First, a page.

One could argue that this issue has been partially mitigated. Both organisations will continue to run common programmes such as the highly successful mental health programme ‘Heads Up’ and ‘United for Wildlife’ tackling the illegal wildlife trade, and there will be transitional support from The Royal Foundation.

One could also argue that having two separate big champions focussing on different topics could increase their overall ability to shine a spotlight on unpopular causes. Two separate entities could be also more successful in drawing in match-funding, bringing in additional resources to the sector by individuals and corporates, offering points of contact for engagement with government, and delivering a more bespoke offer to partners.

Then there is the element of peer review and learning. Meghan and Harry (and potentially staff who move with them) spent time at the Royal Foundation. They can transfer insights but also identify gaps and develop different approaches. There could also be a future feedback loop that would be easily established given the family ties to Kate and William, and this could benefit both organisations.

The list of pros and cons can be expanded, but it illustrates that the question of how to best achieve impact is a complex one.

What do we know about the proliferation of family foundations?

Family foundations make up the lion’s share of giving by foundations in the UK. They account for almost 60% of foundation giving in the country (ACF data from 2014). In America, they make up over 50% of all private foundations. That’s a significant chunk of both markets and it means that ‘much major philanthropy in the UK is a very personal and family affair.’

The way they are set up and operated varies widely – and is primarily a family decision as well. The Garfield Weston Foundation - the second largest in the UK by net assets - has trustees who are descendants of the founder and the Weston family continues to take a highly active and hands-on approach. It is  a clear example of a foundation with the involvement of multiple family members.  

The Sainsbury Family Charitable Trusts on the other hand is ‘the operating office of 17 different independent grant-making trusts’. This includes the Indigo Trust, which has gained prominence for its role in setting up the grant-making open data initiative 360Giving which is driving a much greater focus on transparency in the charity and foundation sector. One could argue that organisational proliferation delivered a huge benefit in this case.

From a family perspective, engaging the next generation in giving might require giving family members their own organisation. This might work best when there is a long-standing tradition of family giving – which is clearly the case when it comes to the Royal Family. Families who are new in this space might prefer to keep the first and second generation under one roof so that family members can learn more about their family’s giving practice before setting up their own foundation. Again, there are many different possible answers as to why organisational proliferation might or might not happen.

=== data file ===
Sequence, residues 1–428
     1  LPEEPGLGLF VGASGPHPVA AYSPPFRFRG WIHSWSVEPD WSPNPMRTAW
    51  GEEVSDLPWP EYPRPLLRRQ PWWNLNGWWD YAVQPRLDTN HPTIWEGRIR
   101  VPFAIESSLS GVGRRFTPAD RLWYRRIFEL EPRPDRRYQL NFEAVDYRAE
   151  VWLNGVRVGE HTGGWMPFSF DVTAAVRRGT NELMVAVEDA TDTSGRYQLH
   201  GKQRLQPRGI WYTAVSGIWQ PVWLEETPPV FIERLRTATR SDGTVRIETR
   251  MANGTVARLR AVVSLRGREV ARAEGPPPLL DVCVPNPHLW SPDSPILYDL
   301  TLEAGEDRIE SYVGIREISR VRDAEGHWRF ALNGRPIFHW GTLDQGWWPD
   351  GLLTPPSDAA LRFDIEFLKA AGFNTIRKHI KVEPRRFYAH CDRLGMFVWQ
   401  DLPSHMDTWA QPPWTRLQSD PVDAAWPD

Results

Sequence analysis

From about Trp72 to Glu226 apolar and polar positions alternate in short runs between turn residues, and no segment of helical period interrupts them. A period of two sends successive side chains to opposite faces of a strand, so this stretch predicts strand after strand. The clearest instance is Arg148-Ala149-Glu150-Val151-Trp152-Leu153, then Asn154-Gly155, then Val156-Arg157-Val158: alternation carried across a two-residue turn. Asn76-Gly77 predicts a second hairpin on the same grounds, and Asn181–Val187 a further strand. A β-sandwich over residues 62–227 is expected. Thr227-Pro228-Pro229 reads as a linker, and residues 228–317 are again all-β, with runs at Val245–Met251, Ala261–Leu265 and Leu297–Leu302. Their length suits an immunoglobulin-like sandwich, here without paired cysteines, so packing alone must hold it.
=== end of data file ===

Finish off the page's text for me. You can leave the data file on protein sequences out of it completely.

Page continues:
Do we have a right to know more about the ‘why’ the split occurred?

Do external people actually have a right to know about something that could be easily considered as an internal family decision? In the case of the Royal Family there is an intricate link between family, public and national interest.  Other families that engage in philanthropic activity might face fewer questions of public accountability. But there is always a public interest in the spending decisions of the member’s of the Royal family, and things like the Sovereign Grant establishes a link to the public purse that gives us all a more obvious direct stake. The renovation costs for Harry and Meghan’s new home, Frogmore House, for example, were widely debated in the media.

The Royals are public figures, so it is unsurprising that many demand  an extra level of transparency and expect greater accountability – even when it comes to their charitable activity, and even when the initial endowment came from private resources of the family.

This leaves us with the question around process. The report which led to the decision to split has not been published, which means that we don’t really know what all the considerations were. Was the move more about donor ego, profile and having two different identities for the Royal couples? Or did they go through a more detailed process looking at impact, resources, giving voice to beneficiaries, collaboration and synergies, as well as other aspects when justifying the split?

Is another yardstick needed?

Having a general rationale for why things are being set up in a certain way is probably a good thing. ‘Intentionality’ for every decision and an ‘explain or change’ approach towards existing and future structures and processes would fit in here. Family foundations often represent cases where existing governance set-ups can’t be explained because they they are just historic artefacts.

One could ask whether this is still good enough for achieving impact when doing 21st century philanthropy – in particular when their work affects vulnerable people, a community or society as a whole. However, at the end of the day it remains a family decision. But can we demand a higher level of scrutiny of a decision that is made by public figures such as the Royal Family? It will be interesting to watch how the situation develops as the two families develop their own distinctive approaches to philanthropy.